In the last fourteen days, BVMN-member No Name Kitchen have collected testimonies alluding to a spike in pushback violence in the Cetingrad area of the Croatian border with Bosnia-Herzegovina. The veracity of these testimonies is further supplemented with reports from local people and media outlets. The characteristics of this trend in violence have been complex and coordinated assaults by Croatian police, consisting of repetitive baton strikes, lashing and kicking. These tactics leave an indelible mark on returned transit groups, visible in the extensive bruising and lacerations across the legs, torso and upper body of people subject to such violence. First hand testimony of recent pushbacks are examined here, alongside pictures and videos from the HR/BiH border which reveal the deterioration in border violence seen in the last fortnight.
Originally published by Border Violence Monitoring Network.
A TREND IN VIOLENCE
Since the 3rd October 2020, 36 persons were recorded in pushbacks from Croatian territory by BVMN, involving extreme physical assaults in each incident. The recurrence of these attacks at a rural area of green border South West of Velika Kladuša suggest that the violence is the product of a concerted, and well choreographed, effort by the Croatian police to deter transit, and brutalise groups making journeys with the onset of autumn. The spate of brutal attacks in this border area has been corroborated by the Danish Refugee Council via the Guardian newspaper. In a recent article, the outlet profiled the a concurrent series of horrific cases occurring in the border area of Šiljkovača, outside of Velika Kladuša in the last two weeks.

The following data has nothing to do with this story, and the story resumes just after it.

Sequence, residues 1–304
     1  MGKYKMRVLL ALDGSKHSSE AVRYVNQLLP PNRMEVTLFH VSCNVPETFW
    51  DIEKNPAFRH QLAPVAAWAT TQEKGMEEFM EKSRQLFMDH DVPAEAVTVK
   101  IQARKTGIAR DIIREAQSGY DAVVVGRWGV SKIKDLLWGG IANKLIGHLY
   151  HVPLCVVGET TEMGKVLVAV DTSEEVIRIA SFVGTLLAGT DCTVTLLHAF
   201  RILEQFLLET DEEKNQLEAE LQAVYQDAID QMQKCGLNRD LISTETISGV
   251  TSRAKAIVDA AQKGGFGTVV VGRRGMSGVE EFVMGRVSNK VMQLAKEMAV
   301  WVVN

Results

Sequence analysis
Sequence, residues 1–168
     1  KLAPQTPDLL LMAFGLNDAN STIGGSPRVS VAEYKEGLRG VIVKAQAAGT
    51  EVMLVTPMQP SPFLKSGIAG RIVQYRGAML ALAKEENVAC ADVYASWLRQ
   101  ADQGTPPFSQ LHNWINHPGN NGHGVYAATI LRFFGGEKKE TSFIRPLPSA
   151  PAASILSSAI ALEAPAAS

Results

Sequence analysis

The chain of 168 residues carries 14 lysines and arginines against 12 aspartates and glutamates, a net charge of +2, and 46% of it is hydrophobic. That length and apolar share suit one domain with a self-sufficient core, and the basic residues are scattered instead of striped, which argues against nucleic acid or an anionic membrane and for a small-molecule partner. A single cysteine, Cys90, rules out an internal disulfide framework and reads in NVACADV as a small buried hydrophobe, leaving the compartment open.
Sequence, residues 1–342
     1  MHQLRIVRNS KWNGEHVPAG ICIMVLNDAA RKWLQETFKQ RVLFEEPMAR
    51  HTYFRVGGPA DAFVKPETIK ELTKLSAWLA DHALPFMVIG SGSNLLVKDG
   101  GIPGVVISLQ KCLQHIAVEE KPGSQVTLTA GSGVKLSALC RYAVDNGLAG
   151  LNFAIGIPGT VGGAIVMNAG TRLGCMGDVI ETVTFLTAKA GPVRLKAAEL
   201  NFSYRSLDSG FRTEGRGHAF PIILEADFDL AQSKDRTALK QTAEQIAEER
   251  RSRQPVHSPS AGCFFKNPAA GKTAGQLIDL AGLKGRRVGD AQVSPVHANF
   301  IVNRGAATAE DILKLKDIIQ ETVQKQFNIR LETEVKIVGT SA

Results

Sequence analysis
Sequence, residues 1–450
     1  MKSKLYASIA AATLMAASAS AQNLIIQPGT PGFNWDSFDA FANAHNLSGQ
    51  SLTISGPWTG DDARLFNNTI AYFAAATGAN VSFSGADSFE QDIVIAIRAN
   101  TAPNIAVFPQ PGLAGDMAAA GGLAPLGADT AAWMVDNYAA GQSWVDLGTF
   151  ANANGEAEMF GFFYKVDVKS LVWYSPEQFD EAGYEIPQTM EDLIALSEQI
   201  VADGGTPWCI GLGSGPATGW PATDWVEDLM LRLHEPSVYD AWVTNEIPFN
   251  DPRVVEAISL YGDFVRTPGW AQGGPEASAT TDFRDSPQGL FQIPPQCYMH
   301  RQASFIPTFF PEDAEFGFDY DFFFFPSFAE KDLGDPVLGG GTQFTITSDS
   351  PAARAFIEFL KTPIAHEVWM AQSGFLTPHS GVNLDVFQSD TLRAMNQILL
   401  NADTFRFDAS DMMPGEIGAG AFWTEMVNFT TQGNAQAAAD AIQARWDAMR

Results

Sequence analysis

NEW VIDEO FOOTAGE OF A PUSHBACK GROUP
In two different videos taken on 19th October, a group of men is shown in the immediate aftermath of a pushback. The first video was posted on social media Monday by a local Bosnian man living in the border area and is of very poor quality. The video shows a group of men displaying severe bruising on their backs while the man filming the videos declared in mixed Bosnian/English “Croatian police, Croatian police big problem”. Several screenshots of the video were posted to social media along with this initial video. The second video is of markedly better quality and shows a scene of men walking as they are asked by the man filming to display their wounds. This video was also supplemented by several images. The second set of materials obtained from a local activist was verified with the person who filmed the video, who described how it was made on 19th October at 11:00 am in a semi-secluded area of the border near Velika Kladuša.
The man who filmed the second video, described that Croatian authorities wearing black balaclava masks over their faces had apprehended him and his friends in Croatia and brought them back to the border, where they beat his friends with batons. This was just one of many groups pushed back that day, he says:
“They are now behave like animals, today they beat four groups like that”
By cross-analyzing the wound patterns of the individuals shown in these two sets of materials, we were able to match two individuals as being present in both videos, heavily suggesting that the two videos were taken around the same time concerning the same group of people.
While pushbacks have been occurring in this border area for over two years, the extreme nature of recent assaults by Croatian police mark a turn in the use of blunt weapons on individual transit groups. The case material published in the last two weeks by BVMN provides useful context to the Guardian’s findings, revealing the way severe flesh wounds and bruising are created. Respondents in multiple cases describe the way officers use pushback sites on the border as locations for staging prolonged physical assaults with batons and other weapons.
One group pushed back on 15th October described how they were beaten for an hour by the Croatian police, resulting in a litany of bruises, contusions and scars. Describing the assault he shared how:
“They were beating me from every side with everything,” the respondent said. “With the baton, they hit me with their fists, they kick me. On my back, on my head, on my legs, everywhere.”